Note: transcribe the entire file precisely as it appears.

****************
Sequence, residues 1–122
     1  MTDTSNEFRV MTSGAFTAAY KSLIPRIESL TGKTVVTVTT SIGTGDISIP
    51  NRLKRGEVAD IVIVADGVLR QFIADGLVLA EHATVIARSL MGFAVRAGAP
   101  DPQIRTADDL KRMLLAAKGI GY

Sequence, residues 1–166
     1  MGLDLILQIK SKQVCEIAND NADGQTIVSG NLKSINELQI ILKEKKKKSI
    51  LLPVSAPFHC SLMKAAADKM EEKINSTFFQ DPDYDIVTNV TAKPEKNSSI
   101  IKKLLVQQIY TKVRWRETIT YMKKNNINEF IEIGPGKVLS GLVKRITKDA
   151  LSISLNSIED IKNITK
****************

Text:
Sequence, residues 1–122
     1  MTDTSNEFRV MTSGAFTAAY KSLIPRIESL TGKTVVTVTT SIGTGDISIP
    51  NRLKRGEVAD IVIVADGVLR QFIADGLVLA EHATVIARSL MGFAVRAGAP
   101  DPQIRTADDL KRMLLAAKGI GY

Sequence, residues 1–166
     1  MGLDLILQIK SKQVCEIAND NADGQTIVSG NLKSINELQI ILKEKKKKSI
    51  LLPVSAPFHC SLMKAAADKM EEKINSTFFQ DPDYDIVTNV TAKPEKNSSI
   101  IKKLLVQQIY TKVRWRETIT YMKKNNINEF IEIGPGKVLS GLVKRITKDA
   151  LSISLNSIED IKNITK